Friday 8 May 2015

Deep Purple - Live in Long Beach 1971 - Remastered (Album Review)

Album Type: Full-Length
Date Released: 26/5/2015
Label: earMUSIC

‘Long Beach 1971’ track listing

1). Speed King
2). Strange Kind Of Woman
3). Child In Time
4). Mandrake Root

Deep Purple were:

Ian Gillan
Roger Glover
Jon Lord
Ian Paice
Richie Blackmore


Deep Purple are ingrained in my musical DNA. When I was getting into music and exploring the past greats of the metal world, there were three bands who were always mentioned in reverential tones: Black Sabbath, Led Zeppelin and Deep Purple. Nowadays, only one of those is considered to be heavy metal and Zeppelin have become revered by the very people that most probably hated them when they were around. Odd, but there we are. As Deep Purple are now considered “not metal,” but perhaps “hard rock” instead and not as cool as Led Zep, they occupy a rather overlooked space.

If I could draw a parallel, I would draw one with The Stranglers- for me, the best of the UK “punk” era, but not really a punk band and practically written out of all official punk histories for being... who knows? Too dangerous? Too dark? Too good at their instruments? The Stranglers were excellent players, really did indulge in the darker things in life (hard drugs, fighting etc) and were variously imprisoned/villified/decried as unfashionable.

Deep Purple, while never persecuted by “the establishment” and without a public appetite for heroin or beating up journalists, seem to have been sidelined over time. Regardless of their lack of presence in the modern consciousness, they were a first rate band of the 70's. Let's get it straight: Ian Paice could go up against ANY drummer from the era and emerge victorious or at least with the credit he deserves. Roger Glover was (and most likely is) a fine bassist who turned his hand to production with skill, Ian Gillan had a phenomenal range with real power and soul to his voice. Jon Lord was immensely musical and possessed an ear/ability for melody and soloing. Finally, Ritchie Blackmore was a mercurial figure; the man in black, his playing a thing of Faustian proportion. To hear this four track live record from that particular line-up is a thing of joy.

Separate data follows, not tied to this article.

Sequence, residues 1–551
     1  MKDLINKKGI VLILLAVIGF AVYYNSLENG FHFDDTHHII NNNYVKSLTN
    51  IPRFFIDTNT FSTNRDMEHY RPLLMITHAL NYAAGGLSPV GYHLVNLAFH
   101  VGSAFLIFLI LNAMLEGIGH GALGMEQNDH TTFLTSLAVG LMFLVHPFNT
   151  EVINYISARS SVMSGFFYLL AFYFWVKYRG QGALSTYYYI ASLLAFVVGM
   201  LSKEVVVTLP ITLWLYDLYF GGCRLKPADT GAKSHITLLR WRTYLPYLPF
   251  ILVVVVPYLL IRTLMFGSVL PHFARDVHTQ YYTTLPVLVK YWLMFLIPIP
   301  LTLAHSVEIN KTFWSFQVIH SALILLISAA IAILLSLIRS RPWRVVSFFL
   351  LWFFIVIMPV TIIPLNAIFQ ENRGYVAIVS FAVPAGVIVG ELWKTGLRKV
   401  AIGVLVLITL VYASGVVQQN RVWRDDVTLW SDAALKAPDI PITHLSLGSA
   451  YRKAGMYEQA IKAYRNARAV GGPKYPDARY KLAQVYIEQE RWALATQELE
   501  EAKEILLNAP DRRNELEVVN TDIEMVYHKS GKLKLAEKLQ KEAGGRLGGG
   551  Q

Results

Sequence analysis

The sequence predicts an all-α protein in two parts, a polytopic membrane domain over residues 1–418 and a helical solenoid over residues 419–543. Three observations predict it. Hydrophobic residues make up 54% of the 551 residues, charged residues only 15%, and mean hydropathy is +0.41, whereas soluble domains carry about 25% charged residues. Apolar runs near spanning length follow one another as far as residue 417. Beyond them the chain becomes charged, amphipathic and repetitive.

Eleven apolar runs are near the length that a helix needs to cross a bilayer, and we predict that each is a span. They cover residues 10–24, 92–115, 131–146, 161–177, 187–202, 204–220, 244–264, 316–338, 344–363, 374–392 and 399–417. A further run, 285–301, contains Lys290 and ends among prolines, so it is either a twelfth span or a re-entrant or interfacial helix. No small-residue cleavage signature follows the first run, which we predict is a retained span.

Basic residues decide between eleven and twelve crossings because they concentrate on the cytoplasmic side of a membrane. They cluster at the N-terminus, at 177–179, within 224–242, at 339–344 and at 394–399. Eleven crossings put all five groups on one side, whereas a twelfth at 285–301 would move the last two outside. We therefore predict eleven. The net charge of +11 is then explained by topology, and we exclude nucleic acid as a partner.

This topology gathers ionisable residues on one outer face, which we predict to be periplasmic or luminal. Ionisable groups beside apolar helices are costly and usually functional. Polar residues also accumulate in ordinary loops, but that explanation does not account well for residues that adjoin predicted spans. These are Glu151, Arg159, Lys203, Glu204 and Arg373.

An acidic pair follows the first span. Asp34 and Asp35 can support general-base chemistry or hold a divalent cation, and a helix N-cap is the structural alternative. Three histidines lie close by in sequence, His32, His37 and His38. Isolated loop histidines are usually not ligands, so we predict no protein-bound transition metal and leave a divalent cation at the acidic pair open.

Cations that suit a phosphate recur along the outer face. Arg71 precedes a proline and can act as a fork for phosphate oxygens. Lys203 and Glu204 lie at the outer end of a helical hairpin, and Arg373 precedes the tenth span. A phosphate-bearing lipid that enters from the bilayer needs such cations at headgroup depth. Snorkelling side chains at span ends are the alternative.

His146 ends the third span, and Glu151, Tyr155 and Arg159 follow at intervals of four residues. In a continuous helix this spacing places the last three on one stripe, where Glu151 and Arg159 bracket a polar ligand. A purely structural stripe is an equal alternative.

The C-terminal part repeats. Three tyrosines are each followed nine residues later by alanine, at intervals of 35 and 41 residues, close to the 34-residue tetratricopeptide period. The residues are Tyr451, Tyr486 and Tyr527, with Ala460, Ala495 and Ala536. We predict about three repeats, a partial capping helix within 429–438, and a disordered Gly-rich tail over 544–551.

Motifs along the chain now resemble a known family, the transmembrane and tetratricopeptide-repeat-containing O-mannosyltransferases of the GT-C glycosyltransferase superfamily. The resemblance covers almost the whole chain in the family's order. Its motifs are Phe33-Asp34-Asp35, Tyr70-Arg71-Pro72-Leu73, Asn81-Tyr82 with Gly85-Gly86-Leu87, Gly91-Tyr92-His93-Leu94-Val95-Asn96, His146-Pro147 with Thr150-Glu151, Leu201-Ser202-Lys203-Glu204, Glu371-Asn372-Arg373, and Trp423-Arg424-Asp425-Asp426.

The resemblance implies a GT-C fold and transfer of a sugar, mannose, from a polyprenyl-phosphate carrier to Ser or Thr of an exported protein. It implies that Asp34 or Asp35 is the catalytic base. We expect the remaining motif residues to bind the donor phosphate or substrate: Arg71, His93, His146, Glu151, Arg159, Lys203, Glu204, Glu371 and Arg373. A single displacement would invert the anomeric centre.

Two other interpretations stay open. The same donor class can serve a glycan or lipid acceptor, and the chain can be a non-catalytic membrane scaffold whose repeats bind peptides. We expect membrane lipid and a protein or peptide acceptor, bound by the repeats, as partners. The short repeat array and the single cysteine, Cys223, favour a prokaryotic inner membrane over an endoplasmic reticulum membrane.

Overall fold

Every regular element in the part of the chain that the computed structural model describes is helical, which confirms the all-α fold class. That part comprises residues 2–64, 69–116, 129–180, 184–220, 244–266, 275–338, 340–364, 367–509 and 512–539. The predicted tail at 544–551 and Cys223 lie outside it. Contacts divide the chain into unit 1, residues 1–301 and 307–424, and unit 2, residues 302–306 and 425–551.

So, 1971, Deep Purple played long (very long) versions of songs that were not particularly long in their original form. “Speed King” opens and includes, of course, a lengthy mid song jam with vocal and guitar sparring etc. The band can play heavy, it can play light and improvise too. They operate in a far more musical space than Sabbath and are perhaps more “muso” than Zeppelin- but possessing similar ingredients. Things continue in the same vein with “Strange Kind of Woman”- or the refrain of SKOW that then pursues a lengthy jazz style jam- complete with scat singing from Gillan... sometimes it works, sometimes it doesn't, but at least you get to hear a band playing live and spreading their wings.

‘Child In Time’ is of course a show stopper- familiar organ intro gives way to an arrangement that is long and spacey with ear splitting vocal acrobatics from Gillan and guitar pyrotechnics from Blackmore. Gillan's voice is superb; listening to this made me think of how much Bruce Dickinson had been influenced by him. Indeed, even the song intros made me think of Dickinson at times (albeit they are not as ludicrous as those found on Live After Death, although the same locale makes for an eerie echo!). The sound is surprisingly good, too- it is of the time, of course, but the dynamics shine through and the mix is good allowing all the instruments to be heard.

The album finishes with ‘Mandrake Root’, from an earlier Purple era and thus not familiar to me. It's groovy and heavy in places and sounds exactly like a jamming and bitching tune from 1968. How interested you will be in this release depends largely on how interested you are in long free form jams and rock of a 70's vintage. If you like modern doom, classic doom, sludge or prog rock or what have you, you will find something to enjoy here. There is a clear link between bands like Deep Purple and the modern era; they blazed a trail and pushed the boundaries of heaviness, volume and what a rock band could do. They were by turns fascinating, slothful, energetic and relentlessly dynamic. They wrote some classic albums (In Rock, Fireball, Machine Head, Burn et al) and played some damn fine music (hear this one or Made in Japan). It's about time that they got more credit- maybe those people listening to second rate modern stoner or retro bands will hear this and repent? I hope so. Incredible stuff.

Words by: Richard Maw

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